7. Serve, topped with additional grated cheese and garlic bread, if desired.
Of course, I had to make changes. What was I going to do with that other quarter pound of sausage? I’m sure I would eventually have found a use for it, but it was too little to vacuum seal, so it would probably be bad by the time I came up with something. Or, more likely, I would accidentally use it, thinking it was something needed for another recipe (this has happened a time or two) and then have to scramble to fix whatever I was making. So, I just used it all. However, you can certainly use what the recipe originally called for.
And when it comes to celery, unless I am seriously slow cooking, I just omit the ingredient. I am not a fan. When I slow cook I cut it into really large chunks, which I later set aside for my husband.
The rest was just preference. I don’t use a lot of salt when cooking and have workarounds, especially for dried beans, to reduce the amount of salt I use in a dish. It requires a bit of maneuvering and a decent knowledge of ingredients, especially if I can’t taste test during the cooking process. But in the end, at least to me, it is worth it. Salt can always be added once the food is served, but good luck drawing the salt out if the dish is over salted during cooking.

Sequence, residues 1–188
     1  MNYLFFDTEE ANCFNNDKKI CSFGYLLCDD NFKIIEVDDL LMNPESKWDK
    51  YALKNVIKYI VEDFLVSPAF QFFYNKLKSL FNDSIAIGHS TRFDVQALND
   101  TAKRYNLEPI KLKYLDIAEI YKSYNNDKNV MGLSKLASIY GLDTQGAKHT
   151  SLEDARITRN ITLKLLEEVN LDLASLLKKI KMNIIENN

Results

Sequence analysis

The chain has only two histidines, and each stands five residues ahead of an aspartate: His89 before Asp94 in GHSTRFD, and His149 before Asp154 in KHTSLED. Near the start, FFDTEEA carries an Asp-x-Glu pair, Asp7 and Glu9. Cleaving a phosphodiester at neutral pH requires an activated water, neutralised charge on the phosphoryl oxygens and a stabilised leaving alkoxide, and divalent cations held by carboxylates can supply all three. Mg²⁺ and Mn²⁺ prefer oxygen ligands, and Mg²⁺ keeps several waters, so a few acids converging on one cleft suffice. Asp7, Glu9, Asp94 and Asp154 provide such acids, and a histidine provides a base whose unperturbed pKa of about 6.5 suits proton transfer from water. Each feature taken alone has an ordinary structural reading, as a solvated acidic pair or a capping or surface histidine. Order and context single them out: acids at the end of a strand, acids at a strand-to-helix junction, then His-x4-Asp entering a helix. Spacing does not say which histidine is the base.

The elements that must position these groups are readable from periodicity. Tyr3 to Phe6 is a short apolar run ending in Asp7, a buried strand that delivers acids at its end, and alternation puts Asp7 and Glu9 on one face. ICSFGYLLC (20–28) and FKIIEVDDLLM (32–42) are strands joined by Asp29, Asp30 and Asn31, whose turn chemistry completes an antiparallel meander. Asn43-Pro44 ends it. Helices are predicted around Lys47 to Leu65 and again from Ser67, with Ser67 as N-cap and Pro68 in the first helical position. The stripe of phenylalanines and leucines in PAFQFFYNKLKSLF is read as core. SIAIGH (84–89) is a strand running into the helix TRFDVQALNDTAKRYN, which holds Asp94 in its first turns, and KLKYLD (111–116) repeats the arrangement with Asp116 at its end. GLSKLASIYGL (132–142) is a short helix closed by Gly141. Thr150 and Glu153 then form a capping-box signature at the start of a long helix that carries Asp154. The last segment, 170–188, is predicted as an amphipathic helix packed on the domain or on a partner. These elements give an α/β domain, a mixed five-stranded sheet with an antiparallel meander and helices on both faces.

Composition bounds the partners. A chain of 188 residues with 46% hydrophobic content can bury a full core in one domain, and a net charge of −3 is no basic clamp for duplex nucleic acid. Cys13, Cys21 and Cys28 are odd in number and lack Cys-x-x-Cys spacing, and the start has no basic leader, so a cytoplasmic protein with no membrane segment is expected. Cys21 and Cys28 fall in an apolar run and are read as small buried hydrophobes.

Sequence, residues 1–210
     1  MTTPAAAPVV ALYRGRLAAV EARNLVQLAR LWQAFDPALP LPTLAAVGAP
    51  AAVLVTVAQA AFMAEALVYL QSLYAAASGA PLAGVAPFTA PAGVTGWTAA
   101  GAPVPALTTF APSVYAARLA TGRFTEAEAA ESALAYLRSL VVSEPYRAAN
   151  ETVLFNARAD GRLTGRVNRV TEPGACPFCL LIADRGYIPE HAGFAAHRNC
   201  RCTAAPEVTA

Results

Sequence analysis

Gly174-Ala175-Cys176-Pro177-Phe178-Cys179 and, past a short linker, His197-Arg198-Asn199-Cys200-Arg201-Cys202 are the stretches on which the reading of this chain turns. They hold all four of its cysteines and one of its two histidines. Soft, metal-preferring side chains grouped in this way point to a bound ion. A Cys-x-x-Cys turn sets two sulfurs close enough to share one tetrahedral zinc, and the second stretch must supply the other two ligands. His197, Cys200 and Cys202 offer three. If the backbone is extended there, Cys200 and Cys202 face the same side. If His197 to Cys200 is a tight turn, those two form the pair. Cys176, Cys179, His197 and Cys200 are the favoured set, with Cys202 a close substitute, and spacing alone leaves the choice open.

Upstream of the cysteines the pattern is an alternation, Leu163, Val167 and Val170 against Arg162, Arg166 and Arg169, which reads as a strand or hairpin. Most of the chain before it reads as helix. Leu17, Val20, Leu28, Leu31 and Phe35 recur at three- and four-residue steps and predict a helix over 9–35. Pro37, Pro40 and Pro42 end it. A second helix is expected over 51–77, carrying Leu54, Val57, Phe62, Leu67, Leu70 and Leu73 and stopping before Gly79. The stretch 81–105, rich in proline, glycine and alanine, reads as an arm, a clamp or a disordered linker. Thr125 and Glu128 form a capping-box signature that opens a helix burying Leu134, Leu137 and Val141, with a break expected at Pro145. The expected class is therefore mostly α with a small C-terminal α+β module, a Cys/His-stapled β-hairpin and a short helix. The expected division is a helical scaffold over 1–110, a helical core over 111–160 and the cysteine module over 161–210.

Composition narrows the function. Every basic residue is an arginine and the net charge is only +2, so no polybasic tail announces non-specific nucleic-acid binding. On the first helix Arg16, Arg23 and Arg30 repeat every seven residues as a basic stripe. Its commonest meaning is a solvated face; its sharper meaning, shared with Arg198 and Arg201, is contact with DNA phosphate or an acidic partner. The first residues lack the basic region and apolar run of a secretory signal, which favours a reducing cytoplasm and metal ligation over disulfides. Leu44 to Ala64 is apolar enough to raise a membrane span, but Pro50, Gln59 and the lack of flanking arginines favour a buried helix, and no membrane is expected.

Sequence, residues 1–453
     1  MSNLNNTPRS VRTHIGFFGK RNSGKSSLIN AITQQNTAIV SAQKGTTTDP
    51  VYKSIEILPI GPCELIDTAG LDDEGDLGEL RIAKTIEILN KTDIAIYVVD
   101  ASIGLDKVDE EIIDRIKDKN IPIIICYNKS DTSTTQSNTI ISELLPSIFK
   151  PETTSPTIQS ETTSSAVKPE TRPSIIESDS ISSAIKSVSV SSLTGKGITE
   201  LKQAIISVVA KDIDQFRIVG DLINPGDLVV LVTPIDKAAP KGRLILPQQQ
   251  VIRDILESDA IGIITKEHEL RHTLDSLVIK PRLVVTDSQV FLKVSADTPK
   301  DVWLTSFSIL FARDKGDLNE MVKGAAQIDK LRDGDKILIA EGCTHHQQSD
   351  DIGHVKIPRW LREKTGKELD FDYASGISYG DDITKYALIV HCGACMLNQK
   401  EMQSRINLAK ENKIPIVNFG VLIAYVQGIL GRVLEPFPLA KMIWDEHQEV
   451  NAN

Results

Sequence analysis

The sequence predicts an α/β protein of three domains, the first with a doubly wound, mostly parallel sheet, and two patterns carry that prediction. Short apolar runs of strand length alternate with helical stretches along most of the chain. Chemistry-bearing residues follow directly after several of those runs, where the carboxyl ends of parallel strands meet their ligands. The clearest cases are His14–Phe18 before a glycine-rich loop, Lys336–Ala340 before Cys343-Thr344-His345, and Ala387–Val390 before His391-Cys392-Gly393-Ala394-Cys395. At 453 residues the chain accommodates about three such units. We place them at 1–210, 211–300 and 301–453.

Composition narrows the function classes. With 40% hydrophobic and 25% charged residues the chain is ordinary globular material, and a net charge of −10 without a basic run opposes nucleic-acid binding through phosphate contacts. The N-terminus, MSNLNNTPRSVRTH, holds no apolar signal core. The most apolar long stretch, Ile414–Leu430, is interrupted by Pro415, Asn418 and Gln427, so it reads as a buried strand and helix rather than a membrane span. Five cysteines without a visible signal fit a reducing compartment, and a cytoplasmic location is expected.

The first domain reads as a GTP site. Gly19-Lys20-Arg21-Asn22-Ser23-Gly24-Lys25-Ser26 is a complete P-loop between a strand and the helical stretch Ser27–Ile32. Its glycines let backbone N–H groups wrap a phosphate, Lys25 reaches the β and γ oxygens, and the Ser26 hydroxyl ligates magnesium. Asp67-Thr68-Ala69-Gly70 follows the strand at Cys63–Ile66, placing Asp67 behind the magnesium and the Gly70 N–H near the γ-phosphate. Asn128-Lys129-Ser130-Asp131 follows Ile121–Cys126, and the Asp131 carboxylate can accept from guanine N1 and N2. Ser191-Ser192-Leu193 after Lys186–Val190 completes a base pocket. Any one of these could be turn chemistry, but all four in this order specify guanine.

I prepped nearly everything the day before (which was a Sunday); that way all I had to do on Monday after work was let the ingredients rest outside the refrigerator for about 35 to 40 minutes before cooking. Then I threw it all together in my Dutch oven according to the directions.
My husband, who got called into work, took it with him and had no way to heat it up. It was lukewarm by the time he was able to eat it (which he hates). Shortly after, he sent me a text asking me not to share any as I often do with large recipes. So, this is a definite keeper in my house. Although it will be quite a while before I make it again as I will be off on many new recipe adventures.
Greyed Italic Ingredients and Directions were either omitted or altered.
Ingredient & Direction Notes:
a. Time dependent upon skill level.
b. Plus 30-45 minutes rest time if prepping ahead.
c. If you know a butcher that makes great Italian sausage, go for it. If not, Publix makes their own and is the best I have found when no good butcher version is readily available.
d. A neat trick, place the lemon in the microwave and nuke for 30 seconds. Carefully remove it from microwave, it will be hot, cut in half and juice. This trick gets more juice with a lot less effort.
e. Try to avoid larger veins when plucking the curly edges of the kale or the kale will either need to be cooked longer or those parts of the kale will be tough, chewy and fibrous.
f. Be sure to keep an eye out as the bacon can easily burn.
g. Most of this can be prepared the day before. The bacon can be cooked and refrigerated. The sausage, onion and garlic can be cooked a day or two before and refrigerated in a larger lidded container. The pesto also can be measured and combined with the chopped sun-dried tomatoes and juiced lemon and refrigerated until ready to use.
h. At this point, the soup will taste somewhat oily due to the bacon grease and the oil from the sun-dried tomatoes. That will change once the remaining ingredients are added.